22 February 2006

Post-Pod: Media Beyond Mp3 - Chapter 1.1

When Steve Jobs first announced the release of the iPod in 2001, it was unclear just how influential Mp3 technology would be on user-end consumer markets. Within five years, the (now) phenomenon has, literally, taken hold of and, in many respects, characterised a new generation to what I call the 'i-Gen'. This is not to say Apple Computers have single-handedly morphed a generation of people into creating a lifestyle from digitally exchanged and archived music. However, the ‘myth’ of the iPod located as a fashion accessory has driven market factors to seriously reconsider the broader capabilities of this particular technology with applications that far exceed its current boundaries.

The new all-in-one video-iPods are now well circulated amongst digital communities but these are just improvements, and small advances, on a fairly old technology with limited resources. How could the hand held device evolve and would this be different from its current usage? My prediction is that the future of nano technologies will bridge a symbiotic application merging the digital and the biological together and, in doing so, will extend the iPod from media gizmo to post-human receptor.

Image a world where you could download and consume music straight into your brain? Technology so advanced that the division between digital and body are blurred. Plug yourself into an iPod and download antibiotics, or anti-aging nano-agents. Send robots into your body to rebuild hair follicles and limbs, cure acne and grow or repair internal organs, all from a wireless iPod connected to the bio-net (internet turned biological). This is where I see the future of media after the digital; reliant on the nano and its associated currencies that this will undoubtedly develop thereafter.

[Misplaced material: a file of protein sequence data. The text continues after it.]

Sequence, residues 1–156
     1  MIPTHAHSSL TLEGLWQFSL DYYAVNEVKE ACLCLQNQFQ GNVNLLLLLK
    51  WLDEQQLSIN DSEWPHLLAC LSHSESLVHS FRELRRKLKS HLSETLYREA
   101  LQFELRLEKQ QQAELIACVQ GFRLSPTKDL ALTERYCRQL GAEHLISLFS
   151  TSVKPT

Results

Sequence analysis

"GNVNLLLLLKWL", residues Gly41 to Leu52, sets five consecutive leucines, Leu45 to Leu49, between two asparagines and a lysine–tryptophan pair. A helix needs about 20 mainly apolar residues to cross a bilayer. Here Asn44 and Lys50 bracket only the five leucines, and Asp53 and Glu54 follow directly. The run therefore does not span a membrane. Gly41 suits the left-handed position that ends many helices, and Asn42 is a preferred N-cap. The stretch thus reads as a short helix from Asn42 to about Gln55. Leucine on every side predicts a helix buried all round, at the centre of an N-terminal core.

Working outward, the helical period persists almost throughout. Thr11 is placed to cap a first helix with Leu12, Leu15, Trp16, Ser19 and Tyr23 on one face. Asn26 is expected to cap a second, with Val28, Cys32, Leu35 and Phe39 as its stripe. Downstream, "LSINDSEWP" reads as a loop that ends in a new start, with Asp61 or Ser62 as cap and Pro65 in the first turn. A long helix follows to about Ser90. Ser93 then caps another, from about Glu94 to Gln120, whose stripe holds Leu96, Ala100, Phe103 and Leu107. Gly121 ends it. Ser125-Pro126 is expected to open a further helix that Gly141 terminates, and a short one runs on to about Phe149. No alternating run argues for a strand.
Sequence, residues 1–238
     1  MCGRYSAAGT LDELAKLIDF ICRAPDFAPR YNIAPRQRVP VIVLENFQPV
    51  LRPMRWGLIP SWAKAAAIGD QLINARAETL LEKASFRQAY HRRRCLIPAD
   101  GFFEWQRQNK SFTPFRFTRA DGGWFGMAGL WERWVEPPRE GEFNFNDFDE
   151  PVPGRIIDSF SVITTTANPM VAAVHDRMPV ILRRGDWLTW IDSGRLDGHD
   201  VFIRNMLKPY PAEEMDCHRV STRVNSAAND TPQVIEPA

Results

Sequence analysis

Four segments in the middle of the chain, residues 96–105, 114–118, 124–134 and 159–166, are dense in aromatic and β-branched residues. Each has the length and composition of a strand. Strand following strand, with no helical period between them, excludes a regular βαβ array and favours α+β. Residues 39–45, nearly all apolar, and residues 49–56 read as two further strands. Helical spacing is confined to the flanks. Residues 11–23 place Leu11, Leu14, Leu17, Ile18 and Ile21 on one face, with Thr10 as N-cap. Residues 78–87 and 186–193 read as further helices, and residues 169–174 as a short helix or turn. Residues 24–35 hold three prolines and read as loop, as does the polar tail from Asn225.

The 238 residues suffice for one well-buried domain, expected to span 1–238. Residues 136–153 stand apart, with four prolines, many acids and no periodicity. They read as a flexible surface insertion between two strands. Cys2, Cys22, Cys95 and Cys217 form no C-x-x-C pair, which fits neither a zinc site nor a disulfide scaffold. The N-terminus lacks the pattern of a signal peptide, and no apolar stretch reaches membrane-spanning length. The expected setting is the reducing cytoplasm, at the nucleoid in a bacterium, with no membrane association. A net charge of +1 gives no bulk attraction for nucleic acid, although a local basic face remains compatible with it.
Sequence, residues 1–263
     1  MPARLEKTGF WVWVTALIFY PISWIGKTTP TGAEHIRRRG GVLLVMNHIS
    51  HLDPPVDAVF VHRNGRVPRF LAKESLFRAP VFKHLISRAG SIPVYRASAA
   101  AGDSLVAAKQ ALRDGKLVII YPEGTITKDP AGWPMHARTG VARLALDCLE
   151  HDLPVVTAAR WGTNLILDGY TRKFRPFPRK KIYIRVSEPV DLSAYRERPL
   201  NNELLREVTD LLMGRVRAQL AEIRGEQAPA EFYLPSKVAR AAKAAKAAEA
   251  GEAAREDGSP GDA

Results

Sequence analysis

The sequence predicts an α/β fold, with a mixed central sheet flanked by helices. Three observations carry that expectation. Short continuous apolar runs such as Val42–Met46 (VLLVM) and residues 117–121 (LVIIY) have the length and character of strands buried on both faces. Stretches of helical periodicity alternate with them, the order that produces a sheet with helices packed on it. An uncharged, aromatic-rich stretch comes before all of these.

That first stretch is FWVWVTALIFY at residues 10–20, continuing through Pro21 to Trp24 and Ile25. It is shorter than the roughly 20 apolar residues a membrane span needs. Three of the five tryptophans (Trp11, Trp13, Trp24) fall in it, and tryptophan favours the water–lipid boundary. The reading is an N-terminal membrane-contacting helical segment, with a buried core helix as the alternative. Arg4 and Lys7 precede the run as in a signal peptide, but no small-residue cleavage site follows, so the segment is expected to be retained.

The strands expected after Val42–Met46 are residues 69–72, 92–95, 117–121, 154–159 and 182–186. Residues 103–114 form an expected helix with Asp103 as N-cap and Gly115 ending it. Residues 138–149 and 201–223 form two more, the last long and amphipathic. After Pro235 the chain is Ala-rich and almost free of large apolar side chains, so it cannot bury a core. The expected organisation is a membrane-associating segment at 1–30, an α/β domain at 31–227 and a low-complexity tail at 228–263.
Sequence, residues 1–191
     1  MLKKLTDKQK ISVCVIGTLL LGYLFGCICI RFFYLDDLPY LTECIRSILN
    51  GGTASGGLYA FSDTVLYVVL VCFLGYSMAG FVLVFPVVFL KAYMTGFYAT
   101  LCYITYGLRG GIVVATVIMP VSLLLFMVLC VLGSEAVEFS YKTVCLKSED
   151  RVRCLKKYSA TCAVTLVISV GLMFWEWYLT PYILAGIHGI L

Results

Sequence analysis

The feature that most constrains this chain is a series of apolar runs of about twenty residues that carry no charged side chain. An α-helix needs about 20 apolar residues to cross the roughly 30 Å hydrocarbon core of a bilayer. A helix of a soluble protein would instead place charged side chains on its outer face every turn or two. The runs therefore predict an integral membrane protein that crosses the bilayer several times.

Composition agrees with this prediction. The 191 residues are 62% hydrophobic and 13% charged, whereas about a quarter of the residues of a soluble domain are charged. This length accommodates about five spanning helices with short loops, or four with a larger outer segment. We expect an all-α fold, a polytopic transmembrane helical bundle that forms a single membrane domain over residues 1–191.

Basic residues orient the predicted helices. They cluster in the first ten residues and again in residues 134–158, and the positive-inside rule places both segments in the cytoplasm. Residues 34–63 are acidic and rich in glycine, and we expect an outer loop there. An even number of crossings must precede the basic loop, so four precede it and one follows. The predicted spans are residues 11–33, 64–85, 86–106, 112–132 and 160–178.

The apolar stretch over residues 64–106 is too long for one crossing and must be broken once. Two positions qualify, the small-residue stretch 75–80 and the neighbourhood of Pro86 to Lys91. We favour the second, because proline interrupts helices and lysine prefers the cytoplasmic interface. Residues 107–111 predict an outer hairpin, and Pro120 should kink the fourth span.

The major problem with a bio-nanonic iPod is the interjection between device and body. Would the body itself be genetically engineered with connecting ports - like a USB or FireWire - from which to plug such devices into? Could wireless become so advanced that the projection of nano-like robots penetrate the body through receptors, implanted as if some kind of small computer chip or even more advanced, a micro-sized internal port injected into the blood stream or tissue to circulate throughout the body indefinitely?

The ethical issues which surround such a venture are monumental. These far distant iPods could be used for measures of attack – from military hardware, state and religious terrorism, scientific exploitation, torture or coercive interference, to marketing, advertising, communication and fashion.

The future of media – an ‘after-digital’ regime – is surely in development yet throughout the next decade, advancements and investment into nano applications could bare witness to the next generation of human evolution and consumption where people are not only genetically altered but inter-connected, as if some borg-like structure, with one another. What is next for new media consumption? – the collective post-human.